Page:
Scientists and engineers are the backbone of the creation, development, and application of STEM knowledge and expertise in the U.S. economy. Reflecting this historical context, previous Indicators reports focused on workers with a bachelor’s degree or higher in S&E occupations: mathematical and computer scientists, life scientists, physical scientists, social scientists, and engineers. However, many other occupations increasingly require STEM skills and expertise to adapt and maintain new processes and technologies (e.g., health care; construction trades; installation, maintenance, and repair; and production occupations). Unlike previous Indicators reports, which narrowly focused on workers with a bachelor’s degree or higher in S&E occupations, this report broadly defines workers in STEM at all educational levels across a wide range of occupations that are integral to the creation of new products and processes using STEM knowledge and technical skills. As a result, the STEM workforce makes up nearly a quarter of the total workforce in the United States, with less than one-fourth of these workers having a bachelor’s degree or higher and working in S&E occupations.
Within the STEM workforce, differences in employment by sector, industry, and location arise between workers based on educational backgrounds. For example, the for-profit business sector is the primary employer of STEM workers with at least a bachelor’s degree, but 4-year academic institutions continue to be the primary employer of STEM doctorate holders. However, since the early 1990s, for-profit businesses employ an increasing share of doctorate-holding STEM workers, which may reflect the increasing dominance of businesses in R&D performance and funding. STEM workers without a bachelor’s degree, also known as STW, are highly concentrated in the medical industry, construction, and manufacturing industries. In terms of location, STEM workers with at least a bachelor’s degree are found mostly in coastal states where innovation hubs are located, whereas the STW is concentrated in the Southern and Midwestern regions.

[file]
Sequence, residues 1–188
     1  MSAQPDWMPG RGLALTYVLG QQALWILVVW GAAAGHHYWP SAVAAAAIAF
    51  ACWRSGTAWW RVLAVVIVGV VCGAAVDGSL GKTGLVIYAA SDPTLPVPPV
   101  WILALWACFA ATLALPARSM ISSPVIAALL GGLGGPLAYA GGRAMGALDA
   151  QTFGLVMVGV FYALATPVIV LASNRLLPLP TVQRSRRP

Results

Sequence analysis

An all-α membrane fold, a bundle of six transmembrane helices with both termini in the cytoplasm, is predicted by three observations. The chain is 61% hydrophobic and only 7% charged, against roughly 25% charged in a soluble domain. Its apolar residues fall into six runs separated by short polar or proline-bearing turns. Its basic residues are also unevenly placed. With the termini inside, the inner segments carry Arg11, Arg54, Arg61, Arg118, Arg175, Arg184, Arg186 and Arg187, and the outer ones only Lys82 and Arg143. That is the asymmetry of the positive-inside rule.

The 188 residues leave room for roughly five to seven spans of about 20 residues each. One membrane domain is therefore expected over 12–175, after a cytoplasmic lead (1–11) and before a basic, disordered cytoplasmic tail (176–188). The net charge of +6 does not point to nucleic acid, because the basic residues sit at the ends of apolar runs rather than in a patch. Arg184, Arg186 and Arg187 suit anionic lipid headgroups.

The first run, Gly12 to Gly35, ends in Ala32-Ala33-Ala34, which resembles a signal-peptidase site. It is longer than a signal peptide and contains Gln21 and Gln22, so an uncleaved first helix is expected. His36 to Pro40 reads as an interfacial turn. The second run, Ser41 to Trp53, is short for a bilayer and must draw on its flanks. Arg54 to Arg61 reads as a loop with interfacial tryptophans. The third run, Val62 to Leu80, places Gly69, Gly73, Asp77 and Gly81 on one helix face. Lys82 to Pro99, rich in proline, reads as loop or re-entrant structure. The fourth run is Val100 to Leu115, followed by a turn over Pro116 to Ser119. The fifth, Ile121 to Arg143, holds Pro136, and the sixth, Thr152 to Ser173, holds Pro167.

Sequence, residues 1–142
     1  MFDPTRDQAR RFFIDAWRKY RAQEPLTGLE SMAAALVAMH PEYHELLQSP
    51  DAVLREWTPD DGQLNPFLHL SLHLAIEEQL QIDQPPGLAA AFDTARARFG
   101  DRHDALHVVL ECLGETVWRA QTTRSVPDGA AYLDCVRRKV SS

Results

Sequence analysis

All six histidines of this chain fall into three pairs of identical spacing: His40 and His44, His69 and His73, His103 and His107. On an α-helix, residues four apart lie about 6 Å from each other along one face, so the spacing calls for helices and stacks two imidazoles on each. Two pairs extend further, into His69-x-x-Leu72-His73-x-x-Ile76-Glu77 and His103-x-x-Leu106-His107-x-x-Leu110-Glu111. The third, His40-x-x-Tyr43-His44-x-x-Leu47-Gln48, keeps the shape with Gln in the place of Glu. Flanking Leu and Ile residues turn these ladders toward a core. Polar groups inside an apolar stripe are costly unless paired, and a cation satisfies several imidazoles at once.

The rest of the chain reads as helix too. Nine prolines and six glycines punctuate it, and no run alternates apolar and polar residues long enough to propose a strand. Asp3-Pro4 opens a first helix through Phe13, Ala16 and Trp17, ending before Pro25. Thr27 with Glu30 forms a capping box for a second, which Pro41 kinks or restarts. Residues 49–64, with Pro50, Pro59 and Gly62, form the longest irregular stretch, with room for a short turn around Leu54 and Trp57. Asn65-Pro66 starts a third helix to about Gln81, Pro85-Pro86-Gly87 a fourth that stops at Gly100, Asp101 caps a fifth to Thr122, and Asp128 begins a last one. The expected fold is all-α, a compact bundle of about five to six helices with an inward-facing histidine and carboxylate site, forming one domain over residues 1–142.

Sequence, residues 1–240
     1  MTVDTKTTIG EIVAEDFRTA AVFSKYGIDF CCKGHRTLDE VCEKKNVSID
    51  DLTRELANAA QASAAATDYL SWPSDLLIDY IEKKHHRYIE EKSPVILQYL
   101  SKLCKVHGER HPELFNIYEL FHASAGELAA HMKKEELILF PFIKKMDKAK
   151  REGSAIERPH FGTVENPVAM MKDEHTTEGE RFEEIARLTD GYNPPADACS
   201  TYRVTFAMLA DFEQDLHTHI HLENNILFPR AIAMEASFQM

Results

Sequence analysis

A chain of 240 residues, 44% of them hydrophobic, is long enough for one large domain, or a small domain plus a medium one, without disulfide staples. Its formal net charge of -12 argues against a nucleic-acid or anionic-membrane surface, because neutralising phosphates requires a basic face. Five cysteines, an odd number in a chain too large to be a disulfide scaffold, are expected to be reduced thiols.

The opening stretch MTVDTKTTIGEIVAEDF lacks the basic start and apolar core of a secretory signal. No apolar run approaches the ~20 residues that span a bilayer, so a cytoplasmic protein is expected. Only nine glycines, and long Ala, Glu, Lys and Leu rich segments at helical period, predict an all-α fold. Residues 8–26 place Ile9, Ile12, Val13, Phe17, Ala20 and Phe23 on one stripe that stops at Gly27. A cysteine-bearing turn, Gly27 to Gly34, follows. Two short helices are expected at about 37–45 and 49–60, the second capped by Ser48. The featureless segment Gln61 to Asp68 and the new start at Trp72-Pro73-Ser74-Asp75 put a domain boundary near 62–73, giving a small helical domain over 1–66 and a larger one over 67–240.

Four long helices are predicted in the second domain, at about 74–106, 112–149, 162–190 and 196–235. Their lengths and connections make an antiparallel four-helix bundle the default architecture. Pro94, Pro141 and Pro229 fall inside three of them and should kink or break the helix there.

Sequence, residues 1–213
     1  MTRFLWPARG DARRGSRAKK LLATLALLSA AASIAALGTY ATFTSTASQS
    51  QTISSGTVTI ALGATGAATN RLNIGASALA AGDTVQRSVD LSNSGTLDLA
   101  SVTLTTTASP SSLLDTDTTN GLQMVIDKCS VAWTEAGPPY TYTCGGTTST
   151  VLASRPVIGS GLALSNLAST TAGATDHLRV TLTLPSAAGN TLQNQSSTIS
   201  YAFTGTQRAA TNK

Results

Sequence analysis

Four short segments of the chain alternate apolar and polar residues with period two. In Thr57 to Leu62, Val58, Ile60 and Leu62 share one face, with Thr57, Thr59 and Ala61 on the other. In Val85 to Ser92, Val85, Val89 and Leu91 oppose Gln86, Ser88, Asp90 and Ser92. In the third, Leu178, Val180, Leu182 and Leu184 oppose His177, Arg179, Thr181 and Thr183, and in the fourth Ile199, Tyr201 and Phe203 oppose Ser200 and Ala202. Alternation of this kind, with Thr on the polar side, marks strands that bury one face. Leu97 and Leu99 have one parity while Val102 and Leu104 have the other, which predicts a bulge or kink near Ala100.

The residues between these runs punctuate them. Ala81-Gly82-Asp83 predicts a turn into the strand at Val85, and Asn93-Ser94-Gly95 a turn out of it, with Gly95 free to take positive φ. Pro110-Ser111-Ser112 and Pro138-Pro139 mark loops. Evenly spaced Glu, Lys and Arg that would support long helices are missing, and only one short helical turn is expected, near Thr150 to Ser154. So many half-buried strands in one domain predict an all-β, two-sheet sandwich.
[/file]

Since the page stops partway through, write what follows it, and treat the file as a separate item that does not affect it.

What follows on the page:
Workers in STEM occupations tend to have favorable labor market outcomes compared to non-STEM workers, including higher salaries and lower unemployment rates (even during the COVID-19 pandemic). However, these benefits are not equally distributed across sex and race or ethnicity. While women, Blacks or African Americans, Hispanics or Latinos, and American Indians or Alaska Natives have increased in number and proportion of the general population over the past decades, they still remain underrepresented in STEM. In addition, these underrepresented groups tend to be paid less on average than their male and Asian and White counterparts. Lastly, most of the analysis in this report is based on pre-pandemic data, and major structural shifts in the STEM labor market may have occurred because of the COVID-19 pandemic. For example, preliminary evidence shows that compared to men, women in STEM were disproportionately more affected by COVID-19 in terms of unemployment, research activities, and publishing (Krukowski, Jagsi, and Cardel 2020; Kowal et al. 2020). Such a change can have lasting effects on the disparities between men and women in STEM for several years in the future.
Foreign-born workers account for a considerable share of STEM employment in the United States, but the flow of foreign-born workers to the United States may also be disrupted by COVID-19. Temporary visa holders, a subset of foreign-born workers, comprise a large proportion of U.S.-trained STEM doctorate holders; the bulk of these students remain in the United States and work in occupations aligned with their doctoral field of study after graduation. However, international enrollment at U.S. institutions dropped during the pandemic, as discussed in the forthcoming Indicators 2022 report, “Higher Education in Science and Engineering,” and other sources (Baer and Martel 2020). Changes in where students go to school during the pandemic could have long-term effects on the noncitizen STEM workforce in the future. In addition, changes to current H-1B visa programs may also restrict noncitizen immigration to the United States (DHS/USCIS 2020b; 2020c; DOL 2020b), and these changes are not shown in the data presented in this analysis.
The STEM labor force is comprehensive and diverse, made up of workers at all education levels in a wide variety of occupations that use STEM knowledge and expertise. Many factors, including STEM training pathways and career opportunities, global competition, and demographic trends, among others, may affect the availability of workers equipped with STEM expertise as well as the type of jobs that the U.S. economy generates in the future. Timely analysis of STEM labor force trends provides the policy-relevant information needed to understand the dynamic S&E landscape in the United States and globally.